ECtHR finds that Polish surveillance law violates the right to privacy

The ECtHR found Polish surveillance laws violated privacy rights, lacking safeguards and effective review, impacting individuals’ private lives.

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The case of Pietrzak and Bychawska-Siniarska and Others vs. Poland involved five Polish nationals’ complaints against Polish laws authorizing secret surveillance and the retention of telecommunications, postal, and digital communications data for future use by national authorities. They claimed that there was no domestic legal remedy for those suspecting they were under surveillance to challenge its legality.

The European Court of Human Rights (ECtHR) unanimously found three violations of Article 8 (right to respect for private and family life and correspondence) of the European Convention on Human Rights (ECHR). These violations concerned the operational control regime, the retention of communications data, and the secret surveillance provisions under the Anti-Terrorism Act.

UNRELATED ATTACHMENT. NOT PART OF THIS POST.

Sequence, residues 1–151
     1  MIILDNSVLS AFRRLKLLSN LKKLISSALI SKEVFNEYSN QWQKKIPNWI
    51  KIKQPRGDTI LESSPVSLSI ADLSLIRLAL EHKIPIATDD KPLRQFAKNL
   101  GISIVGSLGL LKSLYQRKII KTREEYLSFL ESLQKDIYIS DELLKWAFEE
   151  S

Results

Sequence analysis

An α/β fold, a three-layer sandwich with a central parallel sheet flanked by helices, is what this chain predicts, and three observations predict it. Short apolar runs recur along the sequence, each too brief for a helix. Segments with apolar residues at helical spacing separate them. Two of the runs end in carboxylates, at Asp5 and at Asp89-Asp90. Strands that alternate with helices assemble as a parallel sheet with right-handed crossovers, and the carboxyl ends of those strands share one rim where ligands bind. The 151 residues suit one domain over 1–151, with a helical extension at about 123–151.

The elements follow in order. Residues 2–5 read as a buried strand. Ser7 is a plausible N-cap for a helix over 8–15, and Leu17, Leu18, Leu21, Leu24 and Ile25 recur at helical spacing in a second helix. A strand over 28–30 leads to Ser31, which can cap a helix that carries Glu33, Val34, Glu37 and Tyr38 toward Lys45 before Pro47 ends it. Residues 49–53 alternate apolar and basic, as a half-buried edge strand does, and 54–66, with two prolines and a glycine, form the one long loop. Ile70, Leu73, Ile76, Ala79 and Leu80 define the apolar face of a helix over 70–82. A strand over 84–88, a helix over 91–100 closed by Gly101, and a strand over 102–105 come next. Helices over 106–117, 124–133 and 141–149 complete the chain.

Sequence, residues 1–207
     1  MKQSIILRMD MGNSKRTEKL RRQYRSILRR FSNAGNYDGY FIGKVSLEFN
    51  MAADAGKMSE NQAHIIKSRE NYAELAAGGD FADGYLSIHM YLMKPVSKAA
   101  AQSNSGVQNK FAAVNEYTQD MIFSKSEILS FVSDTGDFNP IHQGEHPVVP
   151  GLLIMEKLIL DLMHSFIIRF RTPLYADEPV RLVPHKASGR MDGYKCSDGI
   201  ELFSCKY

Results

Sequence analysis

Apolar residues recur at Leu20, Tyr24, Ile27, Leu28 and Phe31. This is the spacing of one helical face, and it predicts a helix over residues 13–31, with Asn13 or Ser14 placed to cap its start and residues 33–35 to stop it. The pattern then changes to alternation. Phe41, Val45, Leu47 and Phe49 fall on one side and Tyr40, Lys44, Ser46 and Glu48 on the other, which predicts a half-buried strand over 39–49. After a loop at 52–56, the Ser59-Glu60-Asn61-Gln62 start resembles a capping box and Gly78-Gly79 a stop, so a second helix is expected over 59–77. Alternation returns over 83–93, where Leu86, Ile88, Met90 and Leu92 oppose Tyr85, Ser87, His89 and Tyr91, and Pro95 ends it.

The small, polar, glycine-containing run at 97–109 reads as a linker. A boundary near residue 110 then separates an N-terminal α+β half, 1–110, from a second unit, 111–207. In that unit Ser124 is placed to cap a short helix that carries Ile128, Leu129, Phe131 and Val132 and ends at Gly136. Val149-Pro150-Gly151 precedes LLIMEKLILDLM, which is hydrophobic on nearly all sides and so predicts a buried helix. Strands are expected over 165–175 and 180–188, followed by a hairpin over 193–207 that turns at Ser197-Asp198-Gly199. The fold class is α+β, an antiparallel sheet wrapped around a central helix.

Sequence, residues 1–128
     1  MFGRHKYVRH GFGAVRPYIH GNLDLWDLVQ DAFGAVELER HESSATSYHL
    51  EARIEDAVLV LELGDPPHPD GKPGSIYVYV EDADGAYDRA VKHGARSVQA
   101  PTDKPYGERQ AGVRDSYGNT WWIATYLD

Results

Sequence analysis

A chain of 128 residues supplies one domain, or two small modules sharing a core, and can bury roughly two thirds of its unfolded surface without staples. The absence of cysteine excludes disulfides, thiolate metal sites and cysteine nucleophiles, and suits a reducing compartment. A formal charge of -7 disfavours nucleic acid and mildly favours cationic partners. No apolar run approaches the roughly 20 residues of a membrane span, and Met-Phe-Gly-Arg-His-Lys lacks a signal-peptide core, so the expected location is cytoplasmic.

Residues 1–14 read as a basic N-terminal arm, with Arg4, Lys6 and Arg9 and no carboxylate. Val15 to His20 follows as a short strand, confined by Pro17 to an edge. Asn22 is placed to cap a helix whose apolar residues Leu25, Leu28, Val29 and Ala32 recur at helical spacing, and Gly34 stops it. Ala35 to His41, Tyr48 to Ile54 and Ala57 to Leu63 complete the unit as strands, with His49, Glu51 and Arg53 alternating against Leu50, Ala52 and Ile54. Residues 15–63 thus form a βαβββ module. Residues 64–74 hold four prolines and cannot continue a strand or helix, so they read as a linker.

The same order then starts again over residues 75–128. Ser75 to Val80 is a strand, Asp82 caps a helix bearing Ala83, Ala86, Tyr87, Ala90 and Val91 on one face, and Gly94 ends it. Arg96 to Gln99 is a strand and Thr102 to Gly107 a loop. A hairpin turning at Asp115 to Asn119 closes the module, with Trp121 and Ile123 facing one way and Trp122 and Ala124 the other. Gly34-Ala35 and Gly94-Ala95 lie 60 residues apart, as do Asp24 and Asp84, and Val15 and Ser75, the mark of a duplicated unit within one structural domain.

The Court determined that the secretive and extensive nature of the surveillance measures, combined with the lack of an effective review mechanism, justified examining the legislation in general. It ruled that the mere existence of such legislation interfered with the applicant’s Article 8 rights. The Court concluded that the national laws lacked sufficient safeguards against excessive surveillance and undue interference with private life and that the judicial review mechanisms were inadequate. It also found that the indiscriminate retention of communications data and the unchecked application of secret surveillance under the Anti-Terrorism Act did not meet the necessary democratic society standards.